Today emerged the news that the US state department has imposed sanctions against officials who are suspected of involvement in the death of Hermitage lawyer Sergei Magnitsky. The sanctions, which were first proposed by Senator Benjamin Cardin in spring of last year, would see around sixty officials, including judges and interior ministry officials, refused visas to the US. Although it has been noted that the US hardly screamed the announcement from the rooftops, it is nonetheless gratifying to see a stand being taken on the case, especially given the apparent stakes involved (as the state department memo points out, Russia has ‘said that other areas of bilateral co-operation, including on transit to Afghanistan, could be jeopardised if this legislation passes’.) The international community has often been taxed with turning a blind eye to Russia’s human rights abuses; Angela Merkel’s recent amicable meeting with President Medvedev drew attention to this problem. EU Observer reports on Hermitage founder Bill Browder’s reaction and how Europe might follow Washington’s example:
Heidi Hautala, Finland’s minister for international development and until recently the European Parliament’s top MEP on human rights, told this website that EU capitals should follow Washington’s lead.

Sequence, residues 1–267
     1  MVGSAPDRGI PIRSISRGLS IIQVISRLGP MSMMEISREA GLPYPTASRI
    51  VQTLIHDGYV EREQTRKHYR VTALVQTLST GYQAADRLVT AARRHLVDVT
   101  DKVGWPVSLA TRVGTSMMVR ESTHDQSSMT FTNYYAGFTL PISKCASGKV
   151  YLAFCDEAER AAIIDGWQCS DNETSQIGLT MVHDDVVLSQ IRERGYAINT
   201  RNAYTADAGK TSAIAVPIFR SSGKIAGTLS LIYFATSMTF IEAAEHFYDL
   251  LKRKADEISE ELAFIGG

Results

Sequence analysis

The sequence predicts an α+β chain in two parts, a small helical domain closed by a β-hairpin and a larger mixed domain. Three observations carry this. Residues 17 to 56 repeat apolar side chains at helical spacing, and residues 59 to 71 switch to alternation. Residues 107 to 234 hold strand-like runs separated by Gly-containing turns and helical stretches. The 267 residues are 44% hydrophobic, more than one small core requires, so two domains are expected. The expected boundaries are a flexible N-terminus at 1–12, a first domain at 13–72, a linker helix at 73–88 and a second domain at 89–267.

“It’s a very smart solution because it targets the real perpetrators and not the whole country,” she said. “The time has come for new [EU] targeted sanctions on the American model – it could also be a low-key solution, put in place by one of the Schengen countries.”
Under the rules of the EU’s passport-free Schengen zone – which covers 22 EU countries plus Iceland, Norway and Switzerland – if any one member state red-flags a name all 25 must refuse that person a visa.
EU governments regularly complain to Russia about lack of results in the Magnitsky investigation. But they are wary of taking action.
Dutch foreign minister Uri Rosenthal earlier this month refused to ban the group-of-60 despite a unanimous vote by all 150 MPs in the lower house urging him to do so.
Catherine Ashton’s European External Action Service (EEAS) ignored a similar request by the European Parliament last December.
The EEAS on Tuesday (26 July) did not respond to EU Observer’s query about the US development. But EU officials previously told this website it would be unrealistic to “consistently” ban foreign nationals involved in high-level corruption or murders.
For his part, Bill Browder, Magnitsky’s former employer, said: “It is a major precedent to create sanctions against human rights abusers from countries with [which you have] normal diplomatic relations. If this had been in place before, you wouldn’t have seen the Western-approved excesses that led to revolutions in places like Egypt and Tunisia.”
Magnitsky, a 37-year-old father-of-two, died in jail in 2009 when his abdominal membrane burst because he was denied medication for pancreatitis.